A paradise for liberals
Re “Tax surge in the billions” (Page A1, April 25): So California is getting a revenue windfall in the billions of dollars, and the liberals have it already spent. Instead of doing something forward-thinking and fiscally prudent, there’s already talk of increasing welfare benefits and pouring more into a school system that is completely failing us. Why not build more dams and desalinization plants to ensure we have water to drink and water our crops?
There is a constant push from Sacramento to coddle and subsidize everyone except for those who actually contribute. We’re left to pay for all of this mess.
Zachary Sanders, Rocklin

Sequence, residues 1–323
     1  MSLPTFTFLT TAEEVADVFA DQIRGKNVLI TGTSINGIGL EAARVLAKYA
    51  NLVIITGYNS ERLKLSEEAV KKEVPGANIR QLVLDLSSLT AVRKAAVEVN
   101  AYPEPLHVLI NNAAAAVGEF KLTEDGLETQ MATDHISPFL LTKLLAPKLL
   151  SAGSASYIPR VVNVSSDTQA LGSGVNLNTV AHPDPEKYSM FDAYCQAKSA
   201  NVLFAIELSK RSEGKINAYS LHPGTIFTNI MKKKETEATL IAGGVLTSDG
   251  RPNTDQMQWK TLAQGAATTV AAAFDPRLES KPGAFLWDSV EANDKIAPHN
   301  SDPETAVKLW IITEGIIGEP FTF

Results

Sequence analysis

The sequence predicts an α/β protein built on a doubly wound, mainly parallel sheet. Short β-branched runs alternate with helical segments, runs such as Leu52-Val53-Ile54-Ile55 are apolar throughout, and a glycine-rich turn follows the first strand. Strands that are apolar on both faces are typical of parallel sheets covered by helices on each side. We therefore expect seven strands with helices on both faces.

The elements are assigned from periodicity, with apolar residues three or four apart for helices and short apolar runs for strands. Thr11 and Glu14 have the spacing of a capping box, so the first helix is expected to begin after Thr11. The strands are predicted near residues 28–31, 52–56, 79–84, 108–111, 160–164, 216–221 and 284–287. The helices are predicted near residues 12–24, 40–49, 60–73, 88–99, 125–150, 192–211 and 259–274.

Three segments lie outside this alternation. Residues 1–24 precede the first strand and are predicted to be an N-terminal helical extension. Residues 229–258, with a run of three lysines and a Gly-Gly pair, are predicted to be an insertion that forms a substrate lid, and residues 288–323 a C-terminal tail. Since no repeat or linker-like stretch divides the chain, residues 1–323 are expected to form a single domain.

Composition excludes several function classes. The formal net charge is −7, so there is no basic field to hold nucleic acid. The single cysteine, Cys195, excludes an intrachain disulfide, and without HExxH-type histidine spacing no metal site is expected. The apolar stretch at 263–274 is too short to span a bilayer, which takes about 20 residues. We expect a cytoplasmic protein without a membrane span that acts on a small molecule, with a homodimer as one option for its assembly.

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Tackle senior poverty
Many advocates for a variety of well-deserved programs addressing health, education and welfare for those in greatest need are lining up to ask for restoration and expansion of services in light of the California tax revenue windfall. The Older Women’s League in Sacramento supports the Legislative Women’s Caucus package because it ameliorates greater poverty for the aging, especially older women. But we are most interested in adjusting and increasing the SSI/SSP (cash assistance for blind, aged and disabled persons) cuts that were put into place in 2008.
California now has the great distinction of being No. 1 in the U.S. for senior poverty. According to poverty measures that take into account housing costs, 1 in 5 older people are impoverished or unable to meet monthly expenses. Like the drought, this issue should be on everyone’s mind – it is the moral test of government leadership.
Clare Smith, Sacramento
When you see a red light, stop